No. 436
Crime, Eccentricity, and the Sporting Life in 19th Century America.
August 19, 2019

Giddy Young Girls.

December 1, 2014
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Photo of Cindy Weber in the "Red Deer Advocate," October 23, 1981, via Newspapers.com Every missing-persons story is tragic, of course. However, I know of few such cases that are both as heart-breakingly sad and utterly peculiar as the following disappearance. It reads like a psychological horror movie, with an almost Fortean ending. People inevitably called Cynthia "Cindy" Weber of
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Strange Company - 8/19/2019

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By Jo Anne Giovino with photography and research by Barbara Morrissey and Kristin Pepe *(All rights reserved, August 2019) Although …

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Lizzie Borden: Warps and Wefts - 7/31/2019

The hanging, and then posthumous beheading and head-spiking, of the Virginia slave Abram lacks any firmer primary date than the signature given this Richmond newspaper report that was later widely reprinted in the young United States. (Our text here hails from the Hartford, Conn. American Mercury, September 18, 1800.) A HORRID MURDER. Capt. John Patterson, […]
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Executed Today - 8/19/2019
Jeff and Joe Soapy Smith buries Joe Simmons The Illustrated Police News April 9, 1892 (Click image to enlarge) oe Simmons was a tall, slender gambler known to many as “Gambler Joe” Simmons, a member of the Soap Gang who managed Soapy Smith's Tivoli Club in Denver, 1890, and Soapy's Orleans Club in Creede, 1892. According to William Devere’s poem "Two Little Busted Shoes," Simmons
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Soapy Smith's Soap Box - 3/25/2019
(sic) Mary Catherine Anderson—Katie to her friends—was in good spirits when she went out the evening of Monday, February 7, 1887. 16-year-old Katie Anderson was a domestic servant living at the home of her employer, Stat Colkitt on his farm in Mount Holly, New Jersey. She said she was just going out for a walk, but Katie was not seen again until Tuesday morning when a neighboring farmer found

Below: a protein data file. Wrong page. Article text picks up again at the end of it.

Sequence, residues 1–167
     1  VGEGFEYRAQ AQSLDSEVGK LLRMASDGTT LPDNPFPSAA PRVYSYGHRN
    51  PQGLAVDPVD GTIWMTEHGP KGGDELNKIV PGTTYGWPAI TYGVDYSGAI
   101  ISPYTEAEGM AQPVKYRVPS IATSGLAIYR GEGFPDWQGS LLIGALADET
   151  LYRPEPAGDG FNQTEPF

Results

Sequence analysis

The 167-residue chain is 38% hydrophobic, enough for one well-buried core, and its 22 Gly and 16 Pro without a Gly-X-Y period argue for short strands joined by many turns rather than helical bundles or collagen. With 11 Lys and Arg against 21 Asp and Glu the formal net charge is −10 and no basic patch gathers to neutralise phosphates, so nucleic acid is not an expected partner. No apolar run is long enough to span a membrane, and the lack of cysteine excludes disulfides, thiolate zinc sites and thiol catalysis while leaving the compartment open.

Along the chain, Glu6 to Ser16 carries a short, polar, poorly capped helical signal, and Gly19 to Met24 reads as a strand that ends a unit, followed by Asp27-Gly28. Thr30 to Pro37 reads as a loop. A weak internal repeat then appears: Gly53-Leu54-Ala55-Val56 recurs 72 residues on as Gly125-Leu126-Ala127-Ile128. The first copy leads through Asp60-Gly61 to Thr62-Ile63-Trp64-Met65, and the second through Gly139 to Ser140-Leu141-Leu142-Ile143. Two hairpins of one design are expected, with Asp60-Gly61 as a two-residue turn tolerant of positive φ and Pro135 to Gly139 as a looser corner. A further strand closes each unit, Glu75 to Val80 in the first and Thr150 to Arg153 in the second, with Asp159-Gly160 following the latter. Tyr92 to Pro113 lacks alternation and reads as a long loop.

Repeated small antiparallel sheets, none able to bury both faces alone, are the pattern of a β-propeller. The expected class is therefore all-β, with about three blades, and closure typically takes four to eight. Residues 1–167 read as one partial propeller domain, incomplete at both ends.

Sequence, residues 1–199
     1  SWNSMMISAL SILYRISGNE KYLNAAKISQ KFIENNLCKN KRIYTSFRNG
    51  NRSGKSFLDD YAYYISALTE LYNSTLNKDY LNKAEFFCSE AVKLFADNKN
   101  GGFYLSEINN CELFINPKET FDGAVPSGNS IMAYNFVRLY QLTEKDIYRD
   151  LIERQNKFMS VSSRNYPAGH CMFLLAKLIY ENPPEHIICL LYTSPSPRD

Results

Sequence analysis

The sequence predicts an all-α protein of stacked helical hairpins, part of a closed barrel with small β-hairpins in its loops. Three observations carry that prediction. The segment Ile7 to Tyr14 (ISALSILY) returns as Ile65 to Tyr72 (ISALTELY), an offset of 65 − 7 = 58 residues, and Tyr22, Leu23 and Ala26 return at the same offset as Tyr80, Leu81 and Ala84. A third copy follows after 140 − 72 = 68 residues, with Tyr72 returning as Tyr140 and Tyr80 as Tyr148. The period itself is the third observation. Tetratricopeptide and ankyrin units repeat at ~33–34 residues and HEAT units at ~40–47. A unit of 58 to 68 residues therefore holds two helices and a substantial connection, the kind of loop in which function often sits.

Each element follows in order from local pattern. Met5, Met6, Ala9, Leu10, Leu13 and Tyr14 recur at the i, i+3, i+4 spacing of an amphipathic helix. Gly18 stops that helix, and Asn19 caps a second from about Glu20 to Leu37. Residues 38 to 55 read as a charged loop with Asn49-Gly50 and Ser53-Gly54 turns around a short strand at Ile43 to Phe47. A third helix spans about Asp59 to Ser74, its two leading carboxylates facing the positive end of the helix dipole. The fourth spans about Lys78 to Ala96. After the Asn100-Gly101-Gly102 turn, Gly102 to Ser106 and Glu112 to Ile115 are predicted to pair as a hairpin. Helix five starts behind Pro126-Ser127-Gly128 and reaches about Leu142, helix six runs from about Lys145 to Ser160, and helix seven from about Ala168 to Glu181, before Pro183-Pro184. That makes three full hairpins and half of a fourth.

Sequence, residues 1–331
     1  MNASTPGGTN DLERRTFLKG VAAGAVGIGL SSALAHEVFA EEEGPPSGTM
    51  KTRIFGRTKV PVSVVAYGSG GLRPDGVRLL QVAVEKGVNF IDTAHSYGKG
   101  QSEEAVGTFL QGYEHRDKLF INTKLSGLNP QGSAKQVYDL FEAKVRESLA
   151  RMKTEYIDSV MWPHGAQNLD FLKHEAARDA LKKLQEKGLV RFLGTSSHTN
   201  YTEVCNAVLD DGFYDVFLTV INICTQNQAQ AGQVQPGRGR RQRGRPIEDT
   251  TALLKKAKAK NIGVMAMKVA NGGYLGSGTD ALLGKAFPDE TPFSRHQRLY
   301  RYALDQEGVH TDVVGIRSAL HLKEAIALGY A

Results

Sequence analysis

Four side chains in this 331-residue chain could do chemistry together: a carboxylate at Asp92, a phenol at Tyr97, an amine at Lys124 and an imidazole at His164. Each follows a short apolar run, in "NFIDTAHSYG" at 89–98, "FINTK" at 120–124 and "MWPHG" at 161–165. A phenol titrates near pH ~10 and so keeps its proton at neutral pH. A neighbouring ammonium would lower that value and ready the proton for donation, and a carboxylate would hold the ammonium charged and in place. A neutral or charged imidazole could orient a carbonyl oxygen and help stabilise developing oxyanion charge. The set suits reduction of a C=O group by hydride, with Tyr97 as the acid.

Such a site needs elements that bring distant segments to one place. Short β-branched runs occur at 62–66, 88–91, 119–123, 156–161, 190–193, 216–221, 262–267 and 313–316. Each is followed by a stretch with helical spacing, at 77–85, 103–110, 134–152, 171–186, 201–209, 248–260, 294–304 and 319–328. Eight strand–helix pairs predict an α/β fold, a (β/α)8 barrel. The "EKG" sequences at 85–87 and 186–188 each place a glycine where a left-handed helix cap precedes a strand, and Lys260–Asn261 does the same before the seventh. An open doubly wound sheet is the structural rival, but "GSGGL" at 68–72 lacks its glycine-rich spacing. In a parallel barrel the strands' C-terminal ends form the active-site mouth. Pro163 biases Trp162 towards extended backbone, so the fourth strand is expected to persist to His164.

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Murder By Gaslight - 8/17/2019

The neighborhood surrounding St. Mark’s Church on Second Avenue and 10th Street owes its charm to the descendants of the Stuyvesant family. These were the great-great grandsons and granddaughters of Petrus Stuyvesant, the director-general of New Netherland from 1647-1664. In the late 1700s and early 1800s, these Stuyvesants lived in stately houses on land that […]
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Ephemeral New York - 8/19/2019
[Editor’s note: Guest writer, Peter Dickson, lives in West Sussex, England and has been working with microfilm copies of The Duncan Campbell Papers from the State Library of NSW, Sydney, Australia. The following are some of his analyses of what he has discovered from reading these papers. Dickson has contributed many transcriptions to the Jamaica Family […]
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Early American Crime - 2/7/2019
She Went into the Scrimmage. | Now in Convenient Book Form!

Giddy Young Girls.

Giddy Young Girls

They are infatuated with two minstrel men, but their mothers interfere, Winchester, Ind. [more]

A scene was enacted at Winchester, Ind., by the reckless escapade indulged in by two young ladies of Greenville, O., who became infatuated with two members of Cleveland’s Minstrel Company and followed them from Greenville to that place. Friends of the girls suspected their intentions, and had in turn followed them. The girls registered at a hotel, and were just on the point of retiring, having engaged separate rooms, when they were surprised, not to say paralyzed, by the sudden and alarming appearance of their mothers. The old ladies “had blood in their eyes,” and a dramatic scene was only averted by the quick surrender of the girls and their departure for home. The entertainment hadn’t closed when the ladies left, and the two disappointed showmen afforded spectators considerable amusement by their efforts to locate their friends before they learned of the old ladies’ visit and the announced change of programme. The showmen are married men.


Reprinted from the National Police Gazette, December 8, 1894